(Host) An assessment by the U.S. Environmental Protection Agency says Vermont may not be doing enough to punish polluters.
A watchdog group says the EPA study underscores many of the points it made about the state’s environmental enforcement program.
VPR’s John Dillon has more:
(Dillon) The EPA reviewed the state’s environmental enforcement program in 2001 and had praise for the staff’s professionalism and expertise.
But the report, which wasn’t completed until 2004, found problems as well. It said the state sometimes delayed enforcement actions against polluters. And it said that the penalties levied by the state Agency of Natural Resources may not be strong enough to prevent problems in the future.
The EPA report was released by the Vermont office of the Conservation Law Foundation.
Anthony Iarrapino is a lawyer for the group. He recently completed his own study that found fault with the state’s enforcement division.
(Iarrapino) “There are striking similarities between the conclusion in that the penalties being assessed by ANR are letting polluters off the hook and not adequate to drive deterrence.”
(Dillon) The EPA report was part of a review of the enforcement programs in all six New England states. Sam Silverman is the EPA deputy director of the office of environmental stewardship. He coordinated the study.
(Silverman) “I don’t think the Vermont report indicated the strongest program in New England, nor did it indicate the weakest program.”
(Dillon) Silverman said delays in enforcement were among the problems in Vermont. He said that’s in part because the state tends to use informal enforcement tool, called a notice of alleged violation, or NOAV.
(Silverman) “Then they would issue formal enforcement actions after – in several cases a whole series of informal NOAVs, so we thought they were delaying enforcement too long.”
(Dillon) Silverman says penalties assessed by Vermont also tended to be on the low side. But Sal Spinosa, the head of the state’s enforcement division, said the penalties are enough to prevent future violations.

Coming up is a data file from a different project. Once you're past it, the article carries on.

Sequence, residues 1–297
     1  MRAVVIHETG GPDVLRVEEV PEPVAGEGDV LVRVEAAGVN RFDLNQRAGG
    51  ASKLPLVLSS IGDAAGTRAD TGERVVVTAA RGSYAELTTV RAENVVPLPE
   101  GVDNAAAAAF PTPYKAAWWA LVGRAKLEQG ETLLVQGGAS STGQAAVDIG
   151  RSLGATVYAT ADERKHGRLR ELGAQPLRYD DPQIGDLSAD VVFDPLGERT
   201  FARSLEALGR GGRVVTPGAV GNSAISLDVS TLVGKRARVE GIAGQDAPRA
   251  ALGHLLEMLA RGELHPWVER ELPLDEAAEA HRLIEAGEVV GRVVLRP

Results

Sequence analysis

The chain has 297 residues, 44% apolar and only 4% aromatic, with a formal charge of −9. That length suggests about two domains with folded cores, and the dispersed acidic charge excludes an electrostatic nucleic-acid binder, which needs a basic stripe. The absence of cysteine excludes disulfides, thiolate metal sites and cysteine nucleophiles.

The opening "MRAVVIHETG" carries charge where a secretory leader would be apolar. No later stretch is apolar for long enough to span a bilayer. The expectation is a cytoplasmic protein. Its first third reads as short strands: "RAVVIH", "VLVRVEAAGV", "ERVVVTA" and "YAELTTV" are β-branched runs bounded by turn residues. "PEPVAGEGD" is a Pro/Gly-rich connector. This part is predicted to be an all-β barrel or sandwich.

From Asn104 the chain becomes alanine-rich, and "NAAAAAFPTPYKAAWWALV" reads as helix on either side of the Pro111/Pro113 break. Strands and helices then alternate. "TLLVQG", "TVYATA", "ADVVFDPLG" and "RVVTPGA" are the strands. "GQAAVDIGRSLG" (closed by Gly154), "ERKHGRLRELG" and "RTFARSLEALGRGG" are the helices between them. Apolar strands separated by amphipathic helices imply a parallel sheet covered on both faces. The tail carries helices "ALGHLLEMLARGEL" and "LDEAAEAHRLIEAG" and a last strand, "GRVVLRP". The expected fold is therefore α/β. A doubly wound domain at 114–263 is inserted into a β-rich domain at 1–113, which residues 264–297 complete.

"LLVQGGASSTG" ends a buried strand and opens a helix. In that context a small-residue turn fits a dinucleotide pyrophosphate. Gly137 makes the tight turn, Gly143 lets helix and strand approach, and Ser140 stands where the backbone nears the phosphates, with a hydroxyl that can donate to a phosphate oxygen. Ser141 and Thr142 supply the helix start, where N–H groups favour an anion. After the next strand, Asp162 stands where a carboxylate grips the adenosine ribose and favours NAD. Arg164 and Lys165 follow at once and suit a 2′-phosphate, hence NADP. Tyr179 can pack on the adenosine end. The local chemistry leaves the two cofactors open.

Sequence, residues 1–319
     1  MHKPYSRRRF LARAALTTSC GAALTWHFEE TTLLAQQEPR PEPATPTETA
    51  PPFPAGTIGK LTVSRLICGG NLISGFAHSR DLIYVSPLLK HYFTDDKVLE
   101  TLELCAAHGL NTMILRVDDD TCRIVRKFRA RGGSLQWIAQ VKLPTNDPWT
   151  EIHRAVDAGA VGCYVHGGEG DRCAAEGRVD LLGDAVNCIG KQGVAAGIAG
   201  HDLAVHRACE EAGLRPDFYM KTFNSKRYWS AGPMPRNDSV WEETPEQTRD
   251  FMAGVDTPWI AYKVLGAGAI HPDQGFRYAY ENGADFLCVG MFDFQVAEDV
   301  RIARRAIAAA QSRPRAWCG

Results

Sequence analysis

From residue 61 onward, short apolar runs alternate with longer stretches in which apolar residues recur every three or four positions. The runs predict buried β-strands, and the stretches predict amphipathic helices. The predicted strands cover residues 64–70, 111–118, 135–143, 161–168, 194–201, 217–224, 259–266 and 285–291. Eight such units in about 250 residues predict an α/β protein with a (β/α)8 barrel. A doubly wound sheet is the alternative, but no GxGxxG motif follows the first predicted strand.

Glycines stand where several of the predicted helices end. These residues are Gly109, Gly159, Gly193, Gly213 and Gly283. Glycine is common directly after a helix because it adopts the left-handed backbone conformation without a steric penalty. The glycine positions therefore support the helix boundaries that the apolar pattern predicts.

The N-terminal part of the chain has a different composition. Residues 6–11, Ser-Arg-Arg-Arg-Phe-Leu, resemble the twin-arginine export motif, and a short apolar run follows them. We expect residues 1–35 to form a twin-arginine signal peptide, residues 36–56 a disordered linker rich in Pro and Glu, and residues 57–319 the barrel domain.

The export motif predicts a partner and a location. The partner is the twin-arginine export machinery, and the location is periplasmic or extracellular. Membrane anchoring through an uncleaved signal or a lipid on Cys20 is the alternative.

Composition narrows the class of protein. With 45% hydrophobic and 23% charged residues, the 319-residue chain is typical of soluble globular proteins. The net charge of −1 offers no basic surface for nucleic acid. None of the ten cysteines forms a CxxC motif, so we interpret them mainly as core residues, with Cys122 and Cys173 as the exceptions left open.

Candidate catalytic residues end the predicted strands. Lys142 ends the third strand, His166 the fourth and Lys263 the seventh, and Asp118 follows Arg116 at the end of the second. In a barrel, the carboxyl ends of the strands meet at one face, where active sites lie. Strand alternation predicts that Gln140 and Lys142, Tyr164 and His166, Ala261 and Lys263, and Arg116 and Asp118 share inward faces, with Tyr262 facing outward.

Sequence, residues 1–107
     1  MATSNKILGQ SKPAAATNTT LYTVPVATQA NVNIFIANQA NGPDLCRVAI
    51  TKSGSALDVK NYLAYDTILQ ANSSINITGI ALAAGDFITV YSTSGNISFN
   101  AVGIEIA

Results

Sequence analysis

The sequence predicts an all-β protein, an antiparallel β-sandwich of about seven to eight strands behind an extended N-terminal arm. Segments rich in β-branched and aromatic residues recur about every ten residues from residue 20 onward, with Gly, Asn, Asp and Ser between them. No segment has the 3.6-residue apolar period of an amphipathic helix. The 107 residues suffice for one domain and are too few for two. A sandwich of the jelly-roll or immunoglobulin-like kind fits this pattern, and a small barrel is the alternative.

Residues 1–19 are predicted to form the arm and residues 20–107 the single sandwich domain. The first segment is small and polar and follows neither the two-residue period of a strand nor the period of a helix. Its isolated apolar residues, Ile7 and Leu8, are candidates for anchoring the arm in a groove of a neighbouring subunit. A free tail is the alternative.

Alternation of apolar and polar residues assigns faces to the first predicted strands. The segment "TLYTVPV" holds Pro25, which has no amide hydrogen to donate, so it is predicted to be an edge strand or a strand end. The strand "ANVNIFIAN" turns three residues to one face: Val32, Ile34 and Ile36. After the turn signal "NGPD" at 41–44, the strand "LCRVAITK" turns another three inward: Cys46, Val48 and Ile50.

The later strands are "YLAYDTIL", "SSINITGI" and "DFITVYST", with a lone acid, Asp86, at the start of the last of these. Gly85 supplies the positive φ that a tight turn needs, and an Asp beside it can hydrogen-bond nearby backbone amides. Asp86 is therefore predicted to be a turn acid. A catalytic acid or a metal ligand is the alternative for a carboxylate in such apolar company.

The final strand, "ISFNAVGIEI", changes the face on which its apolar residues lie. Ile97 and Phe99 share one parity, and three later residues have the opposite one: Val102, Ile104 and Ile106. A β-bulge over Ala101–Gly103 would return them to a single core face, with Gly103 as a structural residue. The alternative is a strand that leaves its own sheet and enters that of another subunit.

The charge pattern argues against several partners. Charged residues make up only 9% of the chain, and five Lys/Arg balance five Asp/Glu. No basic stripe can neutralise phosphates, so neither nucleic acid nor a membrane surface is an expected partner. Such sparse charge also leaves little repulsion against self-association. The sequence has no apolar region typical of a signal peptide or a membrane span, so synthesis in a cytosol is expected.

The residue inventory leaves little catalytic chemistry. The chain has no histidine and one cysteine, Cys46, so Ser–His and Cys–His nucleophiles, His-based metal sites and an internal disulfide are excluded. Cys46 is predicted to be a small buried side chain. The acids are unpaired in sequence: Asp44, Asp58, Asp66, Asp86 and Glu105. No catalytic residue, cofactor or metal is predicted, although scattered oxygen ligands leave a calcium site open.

(Spinosa) “Yes, I do believe that the conclusion of our cases does have the requisite deterrent effect. Is it going to satisfy everyone peering in at our work and making assessments? Probably not. Is it more than some would expect in order to achieve those goals? Yeah, apparently so.”
(Dillon) But the CLF study, which was based on 11 years of state documents said that only 18% of confirmed violations resulted in formal enforcement actions. The report also said the state failed to collect 57% of the fines assessed under administrative orders.
Spinosa said the state is analyzing the enforcement data. He said there may be problems with the state’s own data management system.
(Spinosa) “We’re not satisfied that what we’re getting and what we have gotten and honestly what we’ve published is as accurate as it should be. So we’re trying to do a own sweep through those same 11 years to see if we come up with more accurate figures.”
(Dillon) Both the EPA and the Conservation Law Foundation said the state could make better use of lawyers at the attorney general’s office to pursue environmental enforcement cases.
For Vermont Public Radio, I’m John Dillon.